Things I’ve Learned About Selling Knives

So, since I’ve started making knives I’ve been listening to Podcasts, reading articles, and watching videos about the knife making business.  I’ve gotta say…there are some interesting things involved in the way people sell their knives.  In general, there are two basic ways that people sell knives.  There are custom knife makers.  These guys have an order book.  They take down your information, and when it’s your turn they call you and help you design a knife which they then build for you.  The second type is more like you’d think of a traditional sales business model.  These guys make knives (either one off customs, or set ‘models’) then list them for sale.  These probably aren’t all that surprising, or interesting.  What I found more interesting is that there are ways people sell knives to allow anyone to have a chance to get them, and their names can be a little deceiving.

First, there is the ‘raffle.’  A raffle is pretty much what you would expect it to be.  You pay a small amount…say $20.00, and if your name is drawn you win a knife that would generally cost much more.  To make it a little more lucrative most makers will limit the amount of tickets they sell.  Usually enough that they make a bit more than they would make just selling the knife.  A maker might have a knife he’d normally sell for $200.00, and he’ll say, “OK, I’m raffling this knife off.  Tickets are $10.00.  Limit of two per person, and I’m only selling 30 tickets.  So, you’ve got a pretty good chance of winning.  If you don’t win you are only out $10.00 or $20.00, and the maker gets $300.00 for a $200.00 knife.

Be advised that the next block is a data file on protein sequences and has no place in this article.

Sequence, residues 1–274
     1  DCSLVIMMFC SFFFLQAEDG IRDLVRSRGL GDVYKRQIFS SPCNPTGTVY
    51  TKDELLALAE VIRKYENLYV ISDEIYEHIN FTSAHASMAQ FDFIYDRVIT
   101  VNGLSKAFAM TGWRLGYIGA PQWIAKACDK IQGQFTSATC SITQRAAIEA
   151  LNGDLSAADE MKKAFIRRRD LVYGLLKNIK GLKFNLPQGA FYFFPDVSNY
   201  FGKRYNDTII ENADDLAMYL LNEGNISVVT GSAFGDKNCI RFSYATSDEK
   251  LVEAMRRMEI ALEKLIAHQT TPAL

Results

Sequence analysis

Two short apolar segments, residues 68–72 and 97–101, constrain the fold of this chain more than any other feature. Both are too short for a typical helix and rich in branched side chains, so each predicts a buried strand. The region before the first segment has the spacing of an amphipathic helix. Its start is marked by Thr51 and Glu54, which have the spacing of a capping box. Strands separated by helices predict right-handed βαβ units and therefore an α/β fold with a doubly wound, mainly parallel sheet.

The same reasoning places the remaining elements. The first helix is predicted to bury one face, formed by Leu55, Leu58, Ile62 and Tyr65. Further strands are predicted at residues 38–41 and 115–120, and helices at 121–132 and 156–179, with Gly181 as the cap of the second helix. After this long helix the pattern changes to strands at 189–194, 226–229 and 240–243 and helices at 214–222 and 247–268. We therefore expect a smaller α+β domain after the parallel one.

Second, there is the auction.  The auction is also pretty much what you’d expect.  A maker puts up a knife.  They set a starting bid, and wait to see who wins.  The winner pays their money, and gets the knife.

The third one is the one that really surprised me.  It’s called a ‘lottery.’  When I think about a lottery.  I think about something that essentially the same as a raffle.  You buy a ticket.  If your ticket is the one that gets drawn…you win the knife.  Right?  Nope.  Lotteries are free to enter.  Anyone that wants can enter as long as there are spots open.  The catch is…what you win isn’t the knife.  It’s the right to buy the knife.  Which can be cool, because the people that hold knife lotteries are generally people whose work is in high demand.  These guys might have three years worth of names in their order book, and not be taking any more names (this is called ‘closing your books’).  So, essentially, you are not getting one of their knives in the near future.  So, to keep people interested in their products they’ll make an extra knife every month or three that they’ll lotto off.  It gives you a chance to get a knife from a maker you really like outside of the normal custom order process.  The only downside is when people aren’t aware what’s happening.  Then, they get super excited, because they’ve won this great knife that costs hundreds, or thousands of dollars, and then they are crestfallen to find out that they have to still have to pay for the knife.

There is a little look into the knife maker and seller’s world.  Hope you folks have a great morning/afternoon/evening/night!

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